Ah, bank accounting. I can’t think of any industry where the rules give a company more absolutely legal leeway to turn a terrible quarter into a good one.
Exhibit 1: Citigroup’s (C) October 15 third quarter earnings report.
The company reported a $101 million profit, absolutely astounding every analyst on Wall Street.
For all of 15 minutes anyway. The stock is down 6.6% for the day as I write this at 2:30.
Why didn’t anybody buy the turn-around story? After all this was a bank that posted a $2.82 billion loss in the second quarter of 2008.
Because the numbers just don’t add up.
Citigroup’s consumer business continues to bleed a flood of write offs on credit cards and other loans. Charge offs in the quarter came to almost $8 billion.
But the bank added a paltry $802 million to its loan loss reserves. That made sense, CFO John Gerspach, said on the company’s conference call, because the bank sees a “moderation in growth of consumer net credit losses.”
Sees where? It’s not apparent to me in looking at the numbers the bank reported. And JPMorgan Chase, which has run a tighter ship than Citigroup throughout the financial crisis, didn’t see it when it reported its third quarter results the day before.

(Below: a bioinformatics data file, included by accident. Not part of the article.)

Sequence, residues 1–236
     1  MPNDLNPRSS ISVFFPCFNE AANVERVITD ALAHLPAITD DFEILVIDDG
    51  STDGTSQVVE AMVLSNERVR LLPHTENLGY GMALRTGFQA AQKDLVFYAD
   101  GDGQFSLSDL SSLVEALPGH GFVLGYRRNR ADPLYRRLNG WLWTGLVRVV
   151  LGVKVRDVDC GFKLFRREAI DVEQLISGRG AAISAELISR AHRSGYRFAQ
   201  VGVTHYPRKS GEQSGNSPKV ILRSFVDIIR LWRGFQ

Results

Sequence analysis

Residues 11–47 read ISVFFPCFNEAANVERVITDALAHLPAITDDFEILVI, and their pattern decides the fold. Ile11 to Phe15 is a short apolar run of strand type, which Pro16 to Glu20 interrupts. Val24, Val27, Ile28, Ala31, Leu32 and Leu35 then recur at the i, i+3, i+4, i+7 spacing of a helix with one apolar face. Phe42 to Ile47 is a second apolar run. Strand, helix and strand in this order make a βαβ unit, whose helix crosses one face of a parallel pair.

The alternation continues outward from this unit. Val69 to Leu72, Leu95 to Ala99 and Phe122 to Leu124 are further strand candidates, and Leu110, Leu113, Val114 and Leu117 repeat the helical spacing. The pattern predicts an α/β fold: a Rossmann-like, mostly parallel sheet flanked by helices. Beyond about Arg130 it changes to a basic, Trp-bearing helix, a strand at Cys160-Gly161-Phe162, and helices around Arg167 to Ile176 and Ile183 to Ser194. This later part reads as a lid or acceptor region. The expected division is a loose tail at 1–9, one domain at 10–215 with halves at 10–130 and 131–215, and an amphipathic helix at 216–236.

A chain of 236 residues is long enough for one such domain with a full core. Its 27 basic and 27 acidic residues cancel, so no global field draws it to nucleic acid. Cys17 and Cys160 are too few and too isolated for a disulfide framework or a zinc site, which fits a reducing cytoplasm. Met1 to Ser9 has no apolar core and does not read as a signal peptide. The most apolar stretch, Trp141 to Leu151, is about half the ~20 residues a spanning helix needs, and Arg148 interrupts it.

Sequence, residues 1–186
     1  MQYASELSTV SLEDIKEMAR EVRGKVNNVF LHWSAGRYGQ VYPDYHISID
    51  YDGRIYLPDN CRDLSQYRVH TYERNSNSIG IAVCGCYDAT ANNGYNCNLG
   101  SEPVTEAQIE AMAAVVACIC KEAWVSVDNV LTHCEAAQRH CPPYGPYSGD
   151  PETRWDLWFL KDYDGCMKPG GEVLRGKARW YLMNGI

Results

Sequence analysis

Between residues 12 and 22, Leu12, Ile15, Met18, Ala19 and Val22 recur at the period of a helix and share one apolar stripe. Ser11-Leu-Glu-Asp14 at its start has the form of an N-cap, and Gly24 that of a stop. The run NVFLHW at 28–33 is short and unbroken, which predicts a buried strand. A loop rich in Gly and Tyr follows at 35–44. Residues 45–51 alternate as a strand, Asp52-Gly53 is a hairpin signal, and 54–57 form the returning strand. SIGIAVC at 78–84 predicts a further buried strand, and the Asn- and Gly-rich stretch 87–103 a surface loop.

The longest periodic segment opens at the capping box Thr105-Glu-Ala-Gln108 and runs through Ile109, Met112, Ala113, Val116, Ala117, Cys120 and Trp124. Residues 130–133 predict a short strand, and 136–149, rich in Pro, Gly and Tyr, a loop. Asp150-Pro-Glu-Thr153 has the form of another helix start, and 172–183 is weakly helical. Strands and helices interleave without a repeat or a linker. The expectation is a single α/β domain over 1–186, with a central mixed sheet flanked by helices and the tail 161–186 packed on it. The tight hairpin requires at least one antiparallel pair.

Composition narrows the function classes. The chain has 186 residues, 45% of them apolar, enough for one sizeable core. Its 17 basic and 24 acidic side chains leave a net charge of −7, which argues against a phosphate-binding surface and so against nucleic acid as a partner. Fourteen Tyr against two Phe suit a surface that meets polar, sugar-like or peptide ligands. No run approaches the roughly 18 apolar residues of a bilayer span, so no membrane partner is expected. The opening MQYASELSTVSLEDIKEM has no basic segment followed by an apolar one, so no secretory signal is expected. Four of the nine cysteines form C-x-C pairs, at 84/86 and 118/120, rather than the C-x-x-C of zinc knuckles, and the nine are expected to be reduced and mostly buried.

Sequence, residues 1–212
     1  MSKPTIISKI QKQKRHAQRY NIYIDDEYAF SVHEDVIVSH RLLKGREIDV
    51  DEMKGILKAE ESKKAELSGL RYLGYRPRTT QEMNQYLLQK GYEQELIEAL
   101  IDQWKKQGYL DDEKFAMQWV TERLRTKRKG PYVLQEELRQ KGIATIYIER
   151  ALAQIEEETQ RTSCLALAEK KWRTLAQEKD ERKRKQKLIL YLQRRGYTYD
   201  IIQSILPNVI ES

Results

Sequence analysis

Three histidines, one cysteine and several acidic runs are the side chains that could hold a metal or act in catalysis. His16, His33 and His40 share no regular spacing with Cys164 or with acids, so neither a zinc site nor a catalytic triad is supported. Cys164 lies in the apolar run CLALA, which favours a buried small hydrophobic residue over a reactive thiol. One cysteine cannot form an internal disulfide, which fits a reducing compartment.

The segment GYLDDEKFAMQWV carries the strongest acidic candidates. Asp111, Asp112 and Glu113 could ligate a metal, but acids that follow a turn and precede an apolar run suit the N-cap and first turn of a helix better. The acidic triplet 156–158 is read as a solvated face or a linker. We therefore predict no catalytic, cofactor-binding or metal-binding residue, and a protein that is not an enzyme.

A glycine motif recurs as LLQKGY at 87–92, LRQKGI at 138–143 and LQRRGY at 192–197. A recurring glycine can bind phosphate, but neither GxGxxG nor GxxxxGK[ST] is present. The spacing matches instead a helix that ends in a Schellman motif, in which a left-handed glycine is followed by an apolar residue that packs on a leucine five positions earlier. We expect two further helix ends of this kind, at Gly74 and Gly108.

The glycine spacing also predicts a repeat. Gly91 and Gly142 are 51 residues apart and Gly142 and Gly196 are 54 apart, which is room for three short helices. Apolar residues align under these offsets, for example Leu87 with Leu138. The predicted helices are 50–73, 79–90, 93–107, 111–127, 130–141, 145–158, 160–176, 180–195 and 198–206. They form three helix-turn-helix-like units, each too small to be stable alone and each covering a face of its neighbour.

That bank put aside another $2 billion in loan loss reserves in the quarter. That was higher than the $1.4 billion or so that Wall Street had projected.
Citigroup, on the other hand, put away just $802 million. That was about 25% of what Wall Street had been estimating.
And notice what CFO Gerspach said. Not that net credit losses were falling. Not even that they’ve stopped increasing. But just that they’re increasing at a more moderate rate.
And that’s your justification for putting aside less than $1 billion in additional reserves?
I’m sorry but it conjures up an image of a late night meeting where Citigroup’s officers sit around saying, “Well, let’s show a profit that will surprise everyone. But not too big a profit since nobody will believe that. So how much can we reserve and still show some black ink?”
This accounting flim-flam is not the biggest of Citigroup’s problems, actually. The bank is still dependent of using bond guarantees from the Federal Deposit Insurance Corp. (FDIC) to raise capital. The bank had more than $70 billion in FDIC-guaranteed debt as of June 30. And the bank has added at least another $15 billion more of FDIC guaranteed debt since then, according to David Hendler at CreditSights in a note he wrote on October 12.
That program is scheduled to end on October 31.
Hmmm. You don’t supposed Citigroup is trying to dress up its financials so that it cank raise capital without the guarantees, do you?
Nah, couldn’t be. Bankers would never muck around with their accounting to make things look better than they are to confuse a less-than-careful investor.